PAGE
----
With the luster of its potential tarnished by a century of use, it now seems odd to think of the airplane as anything more than a convenient way to get from one city or country to another. But at the turn of the century, some believed that the technology was capable of bringing about profound social change, including promoting greater equality for women and African-Americans.
It was just one of the many beliefs born from what Americans coined in the 1920s as "the winged gospel," the fervent enthusiasm for the life-changing potential of the flying machine.
With the dawning of the air age, many self-described "disciples" believed - as did its inventors Orville and Wilbur Wright - that the airplane would end warfare. Some envisioned a future with "an airplane in every garage." Still others thought aviation could elevate the image of oppressed groups and help them pave a way to equal standing in American society.
"Starting with railroads in the 19th century and continuing with computers today, Americans have long associated their technologies with progress and hope," according to Stanford University history professor Joseph J. Corn, author of The Winged Gospel: America's Romance with Aviation, 1900-1950. "Because airplanes operated in the 'heavens' where God traditionally dwelled, they generated particularly utopian hopes."
Though women and African-Americans were barred from commercial and military aviation until World War II, a few pursued aviation careers as barnstormers and air racers. They hoped their exploits in the aeronautical arena would fly in the face of the belief that they could not and should not fly.
"The aeroplane should open a fruitful occupation for women," Harriet Quimby, the first licensed female pilot in the United States, said in June 1912 - two months after she became the first woman to pilot an aircraft across the English Channel. "I see no reason they cannot realize handsome incomes by carrying passengers between adjacent towns, from parcel delivery, taking photographs or conducting schools of flying."
That was a fairly radical view considering that women primarily worked as secretaries and clerks.
Record-setting air racer Louise Thaden advanced a similar notion when she told The New York Times in 1929 that "sex distinction in the region of the air" was impossible and therefore foreshadowed great possibilities for female pilots.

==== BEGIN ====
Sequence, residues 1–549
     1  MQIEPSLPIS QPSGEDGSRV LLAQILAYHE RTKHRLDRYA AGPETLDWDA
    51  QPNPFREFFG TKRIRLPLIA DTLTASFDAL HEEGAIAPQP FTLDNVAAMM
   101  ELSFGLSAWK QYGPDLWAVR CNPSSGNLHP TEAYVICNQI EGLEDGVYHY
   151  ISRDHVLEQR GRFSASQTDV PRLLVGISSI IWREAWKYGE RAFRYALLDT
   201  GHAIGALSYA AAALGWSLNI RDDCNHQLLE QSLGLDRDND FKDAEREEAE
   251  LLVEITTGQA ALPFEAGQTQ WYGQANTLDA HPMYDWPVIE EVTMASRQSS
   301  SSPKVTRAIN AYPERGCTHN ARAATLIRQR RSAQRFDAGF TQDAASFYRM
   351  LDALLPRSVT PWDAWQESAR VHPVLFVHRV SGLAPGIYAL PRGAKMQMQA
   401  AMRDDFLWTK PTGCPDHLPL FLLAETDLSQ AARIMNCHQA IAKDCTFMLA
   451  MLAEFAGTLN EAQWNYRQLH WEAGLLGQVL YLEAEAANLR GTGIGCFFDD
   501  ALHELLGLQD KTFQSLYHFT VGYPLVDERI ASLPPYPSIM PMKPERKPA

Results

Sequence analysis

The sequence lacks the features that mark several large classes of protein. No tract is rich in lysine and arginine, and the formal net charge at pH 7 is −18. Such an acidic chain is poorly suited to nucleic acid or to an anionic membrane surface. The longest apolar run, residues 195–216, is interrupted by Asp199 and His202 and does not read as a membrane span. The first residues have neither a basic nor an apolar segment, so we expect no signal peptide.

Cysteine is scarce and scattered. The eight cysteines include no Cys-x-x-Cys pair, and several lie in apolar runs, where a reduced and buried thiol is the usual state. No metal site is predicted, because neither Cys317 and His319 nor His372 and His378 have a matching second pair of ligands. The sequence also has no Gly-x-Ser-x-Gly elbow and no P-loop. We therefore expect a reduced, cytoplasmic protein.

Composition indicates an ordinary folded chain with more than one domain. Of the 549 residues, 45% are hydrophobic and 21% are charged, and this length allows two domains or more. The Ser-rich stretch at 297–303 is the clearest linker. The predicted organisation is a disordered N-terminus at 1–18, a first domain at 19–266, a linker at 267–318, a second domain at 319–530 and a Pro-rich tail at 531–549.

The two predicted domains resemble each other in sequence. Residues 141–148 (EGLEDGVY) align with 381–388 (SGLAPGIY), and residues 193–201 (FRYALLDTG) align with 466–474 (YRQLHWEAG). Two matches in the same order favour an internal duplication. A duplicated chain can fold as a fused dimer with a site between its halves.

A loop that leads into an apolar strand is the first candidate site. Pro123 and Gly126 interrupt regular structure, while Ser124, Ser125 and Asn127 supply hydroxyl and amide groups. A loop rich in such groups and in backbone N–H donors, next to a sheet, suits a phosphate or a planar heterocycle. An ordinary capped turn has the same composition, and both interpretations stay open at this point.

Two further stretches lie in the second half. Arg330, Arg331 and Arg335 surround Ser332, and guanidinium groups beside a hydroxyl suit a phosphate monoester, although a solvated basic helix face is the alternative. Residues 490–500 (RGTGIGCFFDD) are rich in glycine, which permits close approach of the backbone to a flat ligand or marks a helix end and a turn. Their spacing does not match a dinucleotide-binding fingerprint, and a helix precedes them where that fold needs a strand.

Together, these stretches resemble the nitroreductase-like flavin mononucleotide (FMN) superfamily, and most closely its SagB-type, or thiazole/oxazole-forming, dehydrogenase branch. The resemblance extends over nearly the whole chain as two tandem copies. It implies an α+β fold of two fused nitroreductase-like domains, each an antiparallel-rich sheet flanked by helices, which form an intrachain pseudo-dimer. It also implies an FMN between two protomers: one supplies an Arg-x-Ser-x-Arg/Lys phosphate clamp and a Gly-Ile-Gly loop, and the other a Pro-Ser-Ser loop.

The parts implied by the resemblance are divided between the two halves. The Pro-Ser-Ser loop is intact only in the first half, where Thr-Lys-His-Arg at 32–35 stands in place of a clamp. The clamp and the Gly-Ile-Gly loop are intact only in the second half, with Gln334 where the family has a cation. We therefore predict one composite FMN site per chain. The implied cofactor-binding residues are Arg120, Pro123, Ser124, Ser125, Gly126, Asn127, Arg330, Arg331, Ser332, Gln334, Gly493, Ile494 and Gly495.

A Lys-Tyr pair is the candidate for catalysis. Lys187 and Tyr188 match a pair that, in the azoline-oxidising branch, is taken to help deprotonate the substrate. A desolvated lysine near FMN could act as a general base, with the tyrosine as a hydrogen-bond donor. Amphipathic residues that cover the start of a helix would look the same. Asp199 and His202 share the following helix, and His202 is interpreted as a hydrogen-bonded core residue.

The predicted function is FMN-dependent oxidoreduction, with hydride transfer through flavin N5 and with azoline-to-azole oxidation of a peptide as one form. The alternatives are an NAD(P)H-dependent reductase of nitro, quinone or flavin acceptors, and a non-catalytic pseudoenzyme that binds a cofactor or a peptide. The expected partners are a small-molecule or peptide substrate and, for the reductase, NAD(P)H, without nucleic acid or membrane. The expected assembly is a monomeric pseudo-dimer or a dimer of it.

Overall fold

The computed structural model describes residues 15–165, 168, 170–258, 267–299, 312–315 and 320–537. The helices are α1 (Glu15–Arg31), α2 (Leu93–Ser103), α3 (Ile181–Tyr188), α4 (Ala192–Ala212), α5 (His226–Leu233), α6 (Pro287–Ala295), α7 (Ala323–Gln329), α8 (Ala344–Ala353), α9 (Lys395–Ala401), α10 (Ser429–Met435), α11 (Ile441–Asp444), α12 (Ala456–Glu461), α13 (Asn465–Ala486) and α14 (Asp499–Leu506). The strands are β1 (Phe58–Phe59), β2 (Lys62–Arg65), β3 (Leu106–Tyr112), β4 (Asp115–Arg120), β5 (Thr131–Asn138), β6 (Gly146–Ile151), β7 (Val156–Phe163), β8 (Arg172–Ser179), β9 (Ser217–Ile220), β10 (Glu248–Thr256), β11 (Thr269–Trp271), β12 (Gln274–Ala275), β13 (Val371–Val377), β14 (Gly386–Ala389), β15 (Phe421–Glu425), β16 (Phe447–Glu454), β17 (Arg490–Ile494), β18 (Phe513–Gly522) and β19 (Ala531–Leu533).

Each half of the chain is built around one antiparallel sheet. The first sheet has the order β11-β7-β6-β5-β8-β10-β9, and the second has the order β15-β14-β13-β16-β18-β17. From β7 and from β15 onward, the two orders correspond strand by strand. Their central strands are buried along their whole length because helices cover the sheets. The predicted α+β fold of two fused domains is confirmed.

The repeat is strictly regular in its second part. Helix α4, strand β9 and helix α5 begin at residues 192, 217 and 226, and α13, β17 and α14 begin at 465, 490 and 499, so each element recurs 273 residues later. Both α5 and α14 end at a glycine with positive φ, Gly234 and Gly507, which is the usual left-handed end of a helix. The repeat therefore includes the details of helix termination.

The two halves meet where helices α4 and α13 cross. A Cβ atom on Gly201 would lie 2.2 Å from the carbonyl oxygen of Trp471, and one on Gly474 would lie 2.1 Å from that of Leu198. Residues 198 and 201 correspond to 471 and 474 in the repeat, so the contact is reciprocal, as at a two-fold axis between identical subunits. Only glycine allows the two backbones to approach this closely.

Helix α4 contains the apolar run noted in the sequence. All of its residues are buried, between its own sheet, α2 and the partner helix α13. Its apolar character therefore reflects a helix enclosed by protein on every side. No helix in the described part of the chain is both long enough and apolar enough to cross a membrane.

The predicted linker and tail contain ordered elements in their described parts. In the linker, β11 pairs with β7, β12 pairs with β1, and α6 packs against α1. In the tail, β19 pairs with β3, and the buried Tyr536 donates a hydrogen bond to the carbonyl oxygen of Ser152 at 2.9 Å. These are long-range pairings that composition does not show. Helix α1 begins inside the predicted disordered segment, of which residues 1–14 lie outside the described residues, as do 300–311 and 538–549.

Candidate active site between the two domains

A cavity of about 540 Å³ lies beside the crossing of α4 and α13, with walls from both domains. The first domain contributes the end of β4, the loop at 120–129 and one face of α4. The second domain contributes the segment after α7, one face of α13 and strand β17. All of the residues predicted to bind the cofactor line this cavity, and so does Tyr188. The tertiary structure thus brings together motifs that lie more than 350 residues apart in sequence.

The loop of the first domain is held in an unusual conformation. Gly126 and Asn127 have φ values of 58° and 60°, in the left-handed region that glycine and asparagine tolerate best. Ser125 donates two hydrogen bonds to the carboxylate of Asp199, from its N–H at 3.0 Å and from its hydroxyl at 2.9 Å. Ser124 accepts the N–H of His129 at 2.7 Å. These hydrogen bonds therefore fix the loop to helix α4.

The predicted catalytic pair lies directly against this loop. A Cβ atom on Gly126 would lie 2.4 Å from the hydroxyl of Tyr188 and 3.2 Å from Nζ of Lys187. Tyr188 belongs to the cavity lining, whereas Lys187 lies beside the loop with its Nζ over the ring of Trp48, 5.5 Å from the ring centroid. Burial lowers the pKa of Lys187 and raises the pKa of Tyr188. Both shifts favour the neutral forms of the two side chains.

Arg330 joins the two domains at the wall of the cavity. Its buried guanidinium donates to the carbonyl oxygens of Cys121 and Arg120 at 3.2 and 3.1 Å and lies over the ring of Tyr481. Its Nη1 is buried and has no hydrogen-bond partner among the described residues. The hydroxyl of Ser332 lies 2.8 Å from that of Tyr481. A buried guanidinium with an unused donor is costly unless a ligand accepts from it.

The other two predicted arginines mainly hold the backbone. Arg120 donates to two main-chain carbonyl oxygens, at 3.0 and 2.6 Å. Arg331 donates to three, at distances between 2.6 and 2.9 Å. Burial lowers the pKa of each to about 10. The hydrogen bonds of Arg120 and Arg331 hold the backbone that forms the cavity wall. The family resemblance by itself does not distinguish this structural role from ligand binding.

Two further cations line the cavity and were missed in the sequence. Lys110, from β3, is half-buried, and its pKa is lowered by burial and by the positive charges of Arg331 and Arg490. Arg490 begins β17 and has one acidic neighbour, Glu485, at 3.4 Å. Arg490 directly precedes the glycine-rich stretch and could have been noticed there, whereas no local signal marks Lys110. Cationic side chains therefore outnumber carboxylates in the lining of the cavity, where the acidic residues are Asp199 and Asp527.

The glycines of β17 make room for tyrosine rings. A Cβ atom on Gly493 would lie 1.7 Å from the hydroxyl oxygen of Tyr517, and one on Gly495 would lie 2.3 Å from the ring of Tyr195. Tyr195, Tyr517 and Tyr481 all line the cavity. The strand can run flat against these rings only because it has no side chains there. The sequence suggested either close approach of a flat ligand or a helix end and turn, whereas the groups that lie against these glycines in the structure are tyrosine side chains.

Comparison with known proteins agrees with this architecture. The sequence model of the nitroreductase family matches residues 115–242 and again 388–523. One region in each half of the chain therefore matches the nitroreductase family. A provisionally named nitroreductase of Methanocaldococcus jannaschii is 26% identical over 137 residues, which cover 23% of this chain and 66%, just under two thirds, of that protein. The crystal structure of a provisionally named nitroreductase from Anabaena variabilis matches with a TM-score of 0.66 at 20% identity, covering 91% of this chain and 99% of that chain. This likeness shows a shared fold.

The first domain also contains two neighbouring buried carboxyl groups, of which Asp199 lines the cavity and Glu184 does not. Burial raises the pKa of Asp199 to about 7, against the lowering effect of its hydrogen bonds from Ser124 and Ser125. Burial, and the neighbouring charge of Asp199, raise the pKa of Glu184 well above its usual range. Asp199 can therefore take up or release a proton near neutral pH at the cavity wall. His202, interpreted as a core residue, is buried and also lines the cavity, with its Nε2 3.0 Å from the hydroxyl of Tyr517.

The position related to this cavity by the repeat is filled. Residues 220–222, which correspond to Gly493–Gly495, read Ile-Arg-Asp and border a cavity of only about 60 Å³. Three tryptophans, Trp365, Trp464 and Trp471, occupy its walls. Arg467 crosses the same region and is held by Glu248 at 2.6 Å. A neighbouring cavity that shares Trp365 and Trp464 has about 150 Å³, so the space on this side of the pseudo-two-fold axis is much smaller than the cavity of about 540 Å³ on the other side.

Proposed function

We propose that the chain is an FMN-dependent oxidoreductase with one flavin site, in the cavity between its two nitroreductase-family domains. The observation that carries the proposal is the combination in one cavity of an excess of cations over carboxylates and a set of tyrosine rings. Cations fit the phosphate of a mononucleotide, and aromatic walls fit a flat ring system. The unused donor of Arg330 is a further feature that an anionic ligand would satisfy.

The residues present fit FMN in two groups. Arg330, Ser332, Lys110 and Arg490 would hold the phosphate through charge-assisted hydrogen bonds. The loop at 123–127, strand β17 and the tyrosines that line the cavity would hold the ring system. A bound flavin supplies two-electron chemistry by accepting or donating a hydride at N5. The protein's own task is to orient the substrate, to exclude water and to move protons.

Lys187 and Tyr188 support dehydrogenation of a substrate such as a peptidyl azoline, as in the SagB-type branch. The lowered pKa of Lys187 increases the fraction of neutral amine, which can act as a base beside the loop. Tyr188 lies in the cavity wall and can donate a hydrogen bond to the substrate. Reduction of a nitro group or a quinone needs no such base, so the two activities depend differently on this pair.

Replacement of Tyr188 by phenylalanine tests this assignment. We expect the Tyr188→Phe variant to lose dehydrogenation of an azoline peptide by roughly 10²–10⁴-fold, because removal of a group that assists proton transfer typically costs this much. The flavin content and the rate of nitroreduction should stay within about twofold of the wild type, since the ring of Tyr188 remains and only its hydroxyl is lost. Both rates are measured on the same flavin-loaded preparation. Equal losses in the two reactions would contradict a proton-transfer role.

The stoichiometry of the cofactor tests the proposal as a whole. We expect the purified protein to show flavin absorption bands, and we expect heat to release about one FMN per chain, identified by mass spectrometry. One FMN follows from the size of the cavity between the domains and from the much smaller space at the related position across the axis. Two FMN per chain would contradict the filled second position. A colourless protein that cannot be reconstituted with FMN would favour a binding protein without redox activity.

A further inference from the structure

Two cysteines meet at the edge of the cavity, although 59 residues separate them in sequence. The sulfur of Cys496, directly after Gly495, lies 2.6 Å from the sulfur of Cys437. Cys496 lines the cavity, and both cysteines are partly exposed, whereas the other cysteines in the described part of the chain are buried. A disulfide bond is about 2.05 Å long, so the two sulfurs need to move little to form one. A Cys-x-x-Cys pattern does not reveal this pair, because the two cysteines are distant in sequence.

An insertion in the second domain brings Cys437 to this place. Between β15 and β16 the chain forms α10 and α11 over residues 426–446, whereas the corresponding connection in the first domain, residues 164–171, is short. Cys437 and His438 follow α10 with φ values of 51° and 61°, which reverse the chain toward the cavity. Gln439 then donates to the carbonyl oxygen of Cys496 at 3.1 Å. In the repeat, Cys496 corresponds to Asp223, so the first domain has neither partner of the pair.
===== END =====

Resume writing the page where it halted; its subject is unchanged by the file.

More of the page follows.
Some, as Corn notes in his book, went a step further. In a 1930 article titled "Flying Is Changing Women," pilot Margery Brown argued that female pilots were becoming more assertive, confident and independent women who would come to expect equal treatment from men on the ground.
"Many of these women were feminists and they believed that by demonstrating that a woman could operate what was considered a complex technology, this would present a different image of women," said Janet Bednarek, an associate professor of history at the University of Dayton, who has studied how aviation inspired women and African-Americans. "They wanted to gain greater freedoms."
Similar desires existed among black aviators of the late 1920s who sought to soar above legalized segregation and discrimination of Jim Crow laws. Many struggled just to find anyone willing to teach them to fly.
Bessie Coleman, known as "Bess the Brave," became the first black woman aviator, but was forced to travel to France to earn her international pilot's license. She could find no aviation school in America that would train her. After receiving her license in 1921, she returned to launch a successful career as an aerial performer.
"The air is the only place free from prejudices," said Coleman, who dreamed of opening a flying school for women and blacks. Before she could realize her goal, she fell to her death in 1926 while practicing for an air show.
Her example inspired other blacks, including pilot William J. Powell, a university-trained engineer and World War I veteran from Chicago. In 1929, he founded the Bessie Coleman Aero Club in Los Angeles.
In 1938, inspired by Coleman, African-American pilots Willa Brown and Cornelius Coffey opened the Coffey School of Aeronautics in Chicago. Hundreds of black pilots received training and its graduates taught near Tuskegee, Ala. training the U.S. military's first black pilots during World War II.
Von Hardesty, Smithsonian National Air and Space Museum curator and co-author of Black Wings: The American Black in Aviation, said Powell was the most prominent proselytizer of the winged gospel among blacks.
He called for the creation of black-owned airplane manufacturing and transportation companies to economically empower African-Americans. Once the companies proved successful, he believed, whites would show greater respect for blacks and interracial harmony would follow.
To Powell, "breaking into aviation was a way to affirm the legitimacy of blacks in all modes of life," Hardesty said.
It was a far different vision from the one Powell first described in his 1934 autobiography, Black Wings, in which he predicted wealthy whites would replace their automobiles with airplanes and blacks would do well to consider starting in the skies as aerial chauffeurs.
Despite the great social strides over the decades, a dearth of women and black pilots remains.
Of the 612,000 licensed airplane pilots in the United States, about 6 percent, or 35,000, are women, according to the Federal Aviation Administration. The FAA doesn't compile statistics on race, but of the 145,000 commercial pilots in the country, national airline pilot organizations have estimated that 2 percent are black.
"If the history of the response to flight teaches any lessons," historian Corn concludes in his book, "it argues for taking a skeptical stance toward rosy promises made for any technology."